|Today’s run had its ups and downs|
Today’s run (Bethpage State Park): 7.25
1,600th Emerging Runner Post!
Speed is one thing and endurance is another. I’ve made progress on my pacing over the past week, but that was with distances ranging from 3.1 to 3.4 miles. Doubling that distance reveals opportunities for improvement. This morning’s workout confirmed my need to focus on base mileage. The good news is that I’m not as far off from my target as I thought.
Bethpage at 7:30 AM is usually a quiet place, but when I arrived, the parking lot was 3/4 full. Judging from the streams of people with stadium chairs and kids walking with soccer balls, I assumed there was a tournament or clinic happening at the athletic fields. It didn’t look like they were charging for parking, so I was lucky to get there before the whole lot filled up.
According to News 12 Long Island, the temperature was 64 degrees and, at that hour, the bike trail was mostly in shadow. I wore my new Virratas for the first time on pavement (yesterday’s run was on the track), and they felt very good. I had none of the problems I’d experienced with the Kinvara 3’s (when new) during my half marathon training. Then again, those issues could have been with my feet, not with the shoes.
My first half mile was a little rough, and I wondered if I was pushing myself too much following three consecutive hard workouts. I decided to ignore the discomfort because the transition from anaerobic to aerobic breathing is sometimes difficult. Once I hit the first mile, I knew I would be able to manage the planned distance.
Bethpage’s bike trail is rolling, and the north trail is predominantly uphill, all the way to the end. Me and my friend KWL ran it all the way to Woodbury a couple of months ago, and that was brutal. Today, I viewed the hills differently, because I knew all the elevation I was experiencing on the way up would come back as downhills on my return. Yet there were times when the trail seemed to run uphill in both directions. While that was true, I had few troubles along the route.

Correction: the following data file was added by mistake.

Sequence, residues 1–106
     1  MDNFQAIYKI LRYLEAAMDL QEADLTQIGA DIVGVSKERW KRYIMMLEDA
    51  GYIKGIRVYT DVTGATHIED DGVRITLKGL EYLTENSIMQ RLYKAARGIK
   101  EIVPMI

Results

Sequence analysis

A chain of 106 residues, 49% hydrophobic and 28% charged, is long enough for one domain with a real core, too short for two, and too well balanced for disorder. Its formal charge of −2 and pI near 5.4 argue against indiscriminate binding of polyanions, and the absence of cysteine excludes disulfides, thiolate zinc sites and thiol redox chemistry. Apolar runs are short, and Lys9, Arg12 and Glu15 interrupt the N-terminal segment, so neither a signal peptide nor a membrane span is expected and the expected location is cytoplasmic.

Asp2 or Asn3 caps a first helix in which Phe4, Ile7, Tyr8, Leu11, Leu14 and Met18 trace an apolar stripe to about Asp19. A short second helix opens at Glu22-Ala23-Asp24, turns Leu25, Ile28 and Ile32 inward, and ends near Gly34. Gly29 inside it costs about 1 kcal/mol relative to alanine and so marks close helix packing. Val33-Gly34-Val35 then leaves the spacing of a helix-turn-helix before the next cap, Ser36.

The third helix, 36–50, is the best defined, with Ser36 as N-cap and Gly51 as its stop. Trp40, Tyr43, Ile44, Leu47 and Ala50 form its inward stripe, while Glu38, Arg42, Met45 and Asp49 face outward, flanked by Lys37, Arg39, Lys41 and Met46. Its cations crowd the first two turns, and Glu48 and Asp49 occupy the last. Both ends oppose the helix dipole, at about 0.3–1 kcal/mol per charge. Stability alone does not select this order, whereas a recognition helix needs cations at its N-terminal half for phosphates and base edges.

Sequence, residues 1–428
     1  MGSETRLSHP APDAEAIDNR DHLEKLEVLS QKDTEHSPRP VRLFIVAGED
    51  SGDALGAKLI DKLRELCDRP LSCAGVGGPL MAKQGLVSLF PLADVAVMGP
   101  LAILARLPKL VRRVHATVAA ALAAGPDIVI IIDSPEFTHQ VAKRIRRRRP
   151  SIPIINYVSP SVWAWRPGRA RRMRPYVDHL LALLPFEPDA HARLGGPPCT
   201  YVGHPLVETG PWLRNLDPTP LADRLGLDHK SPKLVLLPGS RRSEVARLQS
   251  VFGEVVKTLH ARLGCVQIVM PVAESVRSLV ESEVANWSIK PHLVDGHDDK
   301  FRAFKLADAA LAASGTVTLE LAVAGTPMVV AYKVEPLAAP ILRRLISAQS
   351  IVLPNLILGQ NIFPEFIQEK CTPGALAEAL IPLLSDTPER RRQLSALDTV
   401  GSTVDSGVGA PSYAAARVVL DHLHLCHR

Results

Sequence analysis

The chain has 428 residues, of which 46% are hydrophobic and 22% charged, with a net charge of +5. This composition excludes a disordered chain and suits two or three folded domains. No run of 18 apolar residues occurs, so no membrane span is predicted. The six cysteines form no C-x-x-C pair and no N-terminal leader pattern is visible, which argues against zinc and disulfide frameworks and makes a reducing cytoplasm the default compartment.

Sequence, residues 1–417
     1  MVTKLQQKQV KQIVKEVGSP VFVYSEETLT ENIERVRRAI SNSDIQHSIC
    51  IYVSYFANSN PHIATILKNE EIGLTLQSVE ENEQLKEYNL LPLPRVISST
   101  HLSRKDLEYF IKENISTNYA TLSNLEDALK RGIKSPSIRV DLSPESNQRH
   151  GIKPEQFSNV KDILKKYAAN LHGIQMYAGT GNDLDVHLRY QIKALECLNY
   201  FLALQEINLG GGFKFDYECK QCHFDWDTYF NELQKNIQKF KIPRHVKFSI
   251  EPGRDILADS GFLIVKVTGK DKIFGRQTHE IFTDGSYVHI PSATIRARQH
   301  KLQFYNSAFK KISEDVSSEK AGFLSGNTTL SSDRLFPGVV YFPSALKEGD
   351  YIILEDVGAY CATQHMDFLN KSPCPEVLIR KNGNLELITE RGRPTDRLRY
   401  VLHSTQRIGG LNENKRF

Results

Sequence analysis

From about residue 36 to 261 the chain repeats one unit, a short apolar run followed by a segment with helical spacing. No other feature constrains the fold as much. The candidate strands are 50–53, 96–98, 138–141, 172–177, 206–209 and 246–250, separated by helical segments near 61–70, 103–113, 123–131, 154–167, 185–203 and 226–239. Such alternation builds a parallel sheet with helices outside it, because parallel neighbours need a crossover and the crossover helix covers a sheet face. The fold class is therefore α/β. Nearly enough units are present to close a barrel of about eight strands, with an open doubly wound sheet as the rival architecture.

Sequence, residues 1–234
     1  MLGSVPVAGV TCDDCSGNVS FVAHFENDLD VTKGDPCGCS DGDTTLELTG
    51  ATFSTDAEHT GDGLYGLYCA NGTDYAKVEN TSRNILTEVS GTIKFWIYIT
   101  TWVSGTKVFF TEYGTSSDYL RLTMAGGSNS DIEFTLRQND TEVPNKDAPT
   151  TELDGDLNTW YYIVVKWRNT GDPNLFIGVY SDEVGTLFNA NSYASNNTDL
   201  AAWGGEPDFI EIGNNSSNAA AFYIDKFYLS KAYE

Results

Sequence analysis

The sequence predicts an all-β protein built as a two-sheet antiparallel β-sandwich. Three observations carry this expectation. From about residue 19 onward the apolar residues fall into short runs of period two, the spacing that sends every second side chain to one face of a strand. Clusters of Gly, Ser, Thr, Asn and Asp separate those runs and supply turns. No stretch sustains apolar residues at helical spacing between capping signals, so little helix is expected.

My plan was to run as far as Washington Ave, turn around and come back, a distance of about 7.25 miles. I had the path more or less to myself on the way north, except there were some reckless riders zooming along without helmets. That’s a dangerous decision when you’re exceeding 20 MPH on downhills. By the time I changed direction for the return leg, there were numerous other runners, walkers and even more cyclists.
At around the five mile point, where the path is only wide enough for three people, I saw a man and two women running in my direction. They were running three across. As they came closer, I decided we had a math problem. I kept expecting the woman on the left (who was lined up with me) to drop back or move up to her right. But fifteen feet away, they were still spread out across the trail.
I moved as far to the right as I could go without spilling onto the shoulder, so I stood my ground. The woman tried to squeeze by, but she miscalculated the space and her arm caught the point of my elbow. I have very hard bones so I’m sure that hurt, although I didn’t feel a thing except contact. It was too bad that we’d bumped, but she saw me coming for at least 30 seconds.
The remainder of the run was contact-free and I felt like I was moving well throughout every section. I focused on shorter strides on the two final hills, and tried to maintain my normal cadence. In the end, It was my longest run of the year. I barely squeaked in under 10 min/mile but this run wasn’t done for performance. This week has been about speed, distance and a few hills. I’ll need to keep it up this coming week. After all, you’re only as good as your last run.